Here’s 3 Ways To Make Money In A Bear Market


After a not-so-brief sabbatical, the Weekly Battle
Plan piece is back. The past few months have brought the writing of a new book
(details later) and the start and finish of my kids’ Little League baseball and
fast pitch softball season. My son’s team won 9 consecutive games mid-year and
finished in second place. Not bad, considering they started the season more
interested in watching hang-gliders fly over the fields than they were in
getting kids out at third base (see

my March 19 column
). My daughter’s team did even better, making it to the
championship game. And had the season ended there, I’d have been a happy man.
But then came All-Stars, which makes me an even happier man. Why? Because I get
a chance to be entertained! During the various tournaments my daughter played
in, I was entertained watching managers getting tossed out of games, I was
entertained watching two different managers erupt and then “demand” their kids
leave the field (one was my daughter’s manager), I was entertained watching a
manager giving an umpire the finger in the middle of the game (he did this from
the parking lot…he too has been tossed out of his game), and of course, what
would any All-Star season be without the annual two mothers from opposing teams
calling each other “b**ch and getting into a near catfight in front of hundreds
of other people (NICE!).

Until this summer, I used to think that the primary purpose the kids spent half
their summer practicing 2-3 hours a day, five days a week was to win the
tournaments they played in each weekend. That makes sense, doesn’t it? But no, I
had it wrong. All wrong. I learned this year that the main reason for the kids
putting in all this time was so they and their parents could be entertained
watching the head coach’s daughter play. That’s right, 11 other kids got the
chance to be “under-studies” to the head coach’s daughter. When our manager’s
daughter wasn’t the starting pitching (the team had an excellent starting
pitcher, but that didn’t matter in deciding who started most games), she was
starting in the infield (same situation again). And of course, she batted either
third or fourth in the order most games, ignoring the fact that few parents
could remember her ever getting on base. And of course, after each team victory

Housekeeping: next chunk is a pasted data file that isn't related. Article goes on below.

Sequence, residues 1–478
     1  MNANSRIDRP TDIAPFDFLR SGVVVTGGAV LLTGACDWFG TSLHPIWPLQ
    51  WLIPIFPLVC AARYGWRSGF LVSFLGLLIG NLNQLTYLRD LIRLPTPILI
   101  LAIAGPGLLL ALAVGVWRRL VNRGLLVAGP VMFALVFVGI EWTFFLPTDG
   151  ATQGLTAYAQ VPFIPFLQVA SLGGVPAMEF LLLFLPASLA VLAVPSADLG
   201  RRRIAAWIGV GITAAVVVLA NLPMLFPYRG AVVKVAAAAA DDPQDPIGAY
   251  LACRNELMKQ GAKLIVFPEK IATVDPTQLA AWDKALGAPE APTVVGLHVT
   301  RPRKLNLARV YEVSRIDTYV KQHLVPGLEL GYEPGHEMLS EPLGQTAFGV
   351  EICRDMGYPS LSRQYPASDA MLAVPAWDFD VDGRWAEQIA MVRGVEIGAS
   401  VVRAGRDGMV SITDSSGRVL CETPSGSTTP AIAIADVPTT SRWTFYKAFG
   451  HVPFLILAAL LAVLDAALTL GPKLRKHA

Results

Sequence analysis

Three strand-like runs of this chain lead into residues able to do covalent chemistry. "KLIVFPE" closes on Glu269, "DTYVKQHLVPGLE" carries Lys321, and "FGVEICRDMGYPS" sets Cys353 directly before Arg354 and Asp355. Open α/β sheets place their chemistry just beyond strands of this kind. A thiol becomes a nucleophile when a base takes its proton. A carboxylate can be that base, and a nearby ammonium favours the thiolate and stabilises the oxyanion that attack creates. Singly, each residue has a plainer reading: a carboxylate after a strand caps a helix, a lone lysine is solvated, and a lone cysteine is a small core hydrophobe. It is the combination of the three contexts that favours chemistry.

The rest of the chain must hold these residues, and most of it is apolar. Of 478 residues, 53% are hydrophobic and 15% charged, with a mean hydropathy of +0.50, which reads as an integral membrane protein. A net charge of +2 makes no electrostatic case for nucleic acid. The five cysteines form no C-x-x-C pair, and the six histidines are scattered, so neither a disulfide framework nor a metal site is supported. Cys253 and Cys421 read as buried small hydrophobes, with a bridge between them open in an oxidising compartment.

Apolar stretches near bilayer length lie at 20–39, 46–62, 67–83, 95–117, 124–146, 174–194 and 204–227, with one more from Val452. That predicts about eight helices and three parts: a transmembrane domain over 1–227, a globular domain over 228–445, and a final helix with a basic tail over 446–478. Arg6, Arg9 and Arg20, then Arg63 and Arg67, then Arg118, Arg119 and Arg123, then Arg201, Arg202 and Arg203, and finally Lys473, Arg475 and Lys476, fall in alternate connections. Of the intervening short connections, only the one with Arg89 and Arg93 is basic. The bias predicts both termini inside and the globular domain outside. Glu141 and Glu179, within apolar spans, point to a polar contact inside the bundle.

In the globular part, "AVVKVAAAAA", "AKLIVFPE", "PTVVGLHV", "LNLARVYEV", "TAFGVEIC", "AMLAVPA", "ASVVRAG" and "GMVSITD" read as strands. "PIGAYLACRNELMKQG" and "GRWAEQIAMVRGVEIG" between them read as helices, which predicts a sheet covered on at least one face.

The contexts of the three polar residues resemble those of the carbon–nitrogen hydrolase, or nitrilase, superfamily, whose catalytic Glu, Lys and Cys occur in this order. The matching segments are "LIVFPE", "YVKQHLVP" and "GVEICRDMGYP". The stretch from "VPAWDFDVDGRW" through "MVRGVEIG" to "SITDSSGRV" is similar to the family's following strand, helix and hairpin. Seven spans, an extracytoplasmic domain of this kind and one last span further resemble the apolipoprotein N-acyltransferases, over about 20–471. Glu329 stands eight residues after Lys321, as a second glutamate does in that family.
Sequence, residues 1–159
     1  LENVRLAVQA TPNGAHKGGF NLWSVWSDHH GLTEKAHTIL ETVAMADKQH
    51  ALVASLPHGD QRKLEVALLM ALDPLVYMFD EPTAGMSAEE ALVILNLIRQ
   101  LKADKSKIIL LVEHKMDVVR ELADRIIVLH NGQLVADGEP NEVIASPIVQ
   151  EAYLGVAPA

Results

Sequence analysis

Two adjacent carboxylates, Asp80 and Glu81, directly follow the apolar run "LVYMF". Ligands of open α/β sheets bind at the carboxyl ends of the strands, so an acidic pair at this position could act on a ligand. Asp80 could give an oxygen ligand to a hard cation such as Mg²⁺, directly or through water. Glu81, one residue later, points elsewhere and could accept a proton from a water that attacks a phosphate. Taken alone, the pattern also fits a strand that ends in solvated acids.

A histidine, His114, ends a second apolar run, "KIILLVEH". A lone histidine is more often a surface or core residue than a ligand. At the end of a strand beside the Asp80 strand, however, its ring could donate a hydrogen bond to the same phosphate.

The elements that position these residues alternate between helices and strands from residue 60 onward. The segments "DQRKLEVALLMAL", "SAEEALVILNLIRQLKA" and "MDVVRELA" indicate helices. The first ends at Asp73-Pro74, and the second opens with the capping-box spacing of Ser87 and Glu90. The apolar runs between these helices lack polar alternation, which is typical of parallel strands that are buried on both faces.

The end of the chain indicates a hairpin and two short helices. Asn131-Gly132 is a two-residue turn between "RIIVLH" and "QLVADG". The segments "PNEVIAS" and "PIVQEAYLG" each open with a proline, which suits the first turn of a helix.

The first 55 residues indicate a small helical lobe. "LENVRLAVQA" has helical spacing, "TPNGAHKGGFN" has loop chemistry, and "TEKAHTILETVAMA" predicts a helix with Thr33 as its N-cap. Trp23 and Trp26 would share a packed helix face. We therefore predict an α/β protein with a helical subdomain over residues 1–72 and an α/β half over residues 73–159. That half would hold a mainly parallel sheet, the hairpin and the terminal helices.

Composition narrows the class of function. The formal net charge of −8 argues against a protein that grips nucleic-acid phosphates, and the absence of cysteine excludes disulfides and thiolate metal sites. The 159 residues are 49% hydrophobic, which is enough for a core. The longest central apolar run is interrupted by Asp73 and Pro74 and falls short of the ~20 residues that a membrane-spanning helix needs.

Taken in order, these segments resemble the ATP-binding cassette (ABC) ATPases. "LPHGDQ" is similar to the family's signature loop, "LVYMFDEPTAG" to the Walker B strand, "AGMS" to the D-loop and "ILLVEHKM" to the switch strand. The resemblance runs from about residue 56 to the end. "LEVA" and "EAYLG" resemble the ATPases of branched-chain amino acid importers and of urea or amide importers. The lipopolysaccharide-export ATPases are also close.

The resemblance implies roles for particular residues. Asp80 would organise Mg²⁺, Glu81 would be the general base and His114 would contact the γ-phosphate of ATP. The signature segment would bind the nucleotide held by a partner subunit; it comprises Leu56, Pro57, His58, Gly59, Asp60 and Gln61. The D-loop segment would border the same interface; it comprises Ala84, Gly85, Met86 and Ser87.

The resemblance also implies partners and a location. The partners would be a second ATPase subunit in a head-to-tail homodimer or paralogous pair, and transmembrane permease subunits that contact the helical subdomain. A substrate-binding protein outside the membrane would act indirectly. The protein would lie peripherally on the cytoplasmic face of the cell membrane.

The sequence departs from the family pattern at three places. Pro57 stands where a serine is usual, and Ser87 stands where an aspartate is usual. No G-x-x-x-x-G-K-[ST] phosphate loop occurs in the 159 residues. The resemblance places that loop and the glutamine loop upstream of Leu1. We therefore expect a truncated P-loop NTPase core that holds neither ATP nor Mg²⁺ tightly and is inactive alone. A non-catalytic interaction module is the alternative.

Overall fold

whose name was mentioned the most as key to that team’s victory? One father
early on dubbed it “DaddyBall” and that’s the name the rest of the season took.
Fortunately, the girls won their share of games and even made it to the
championship round of two tournaments (and guess who was the starter in the last
championship game? Can you say “down 7-0 in the second inning?”). But, like all
good things, the season has come to an end. But fortunately the opportunity for
us to be entertained has continued. A few days ago all the parents got an email
from the head coach’s wife. Guess what? The show still goes on! Here was the
invitation we received…

“Are any of the team members interested in attending
(her daughter’s name here) GREASE play Friday night, July 16th?  She plays
Sandy, and her two sisters are in the play, as well.  Let me know who would like
to come and I will get tickets.”

Wow! I was excited! But then I remembered. I had scheduled to rearrange my sock
drawer that night and it’s a commitment I just can’t break. Bummer. No GREASE
play for me this season. But, because our kids are the same age, and the head
coach will likely be the All-Star coach in future years, they’ll be plenty more
opportunities like this. Man, I’m a lucky guy!

Opportunities In A
Declining Market

A few weeks ago, as the S&P 500 was hovering around the 1140 level, there seemed
to be a heck of a lot of prognosticators who were very bullish. We saw these
bulls on TV, we read their columns on various financial sites and according to
them, it was only a matter of time before the market was going to soar even
higher. Now, with the S&P’s a scant 4% lower two weeks later, these same bulls
have found all the reasons in the world to be bearish. “The techs have broken”
“the 200 day MA on the S&P’s is about to give,” “the NASDAQ has broken support,”
“no rally can repair the damage that has been done” and so on, and so on and so

Well who knows? Maybe the same style of “guessing” these people used to
incorrectly predict prices two weeks ago will this time prove to be correct
(kind of like flipping a coin). So let’s today go with their assumptions. Let’s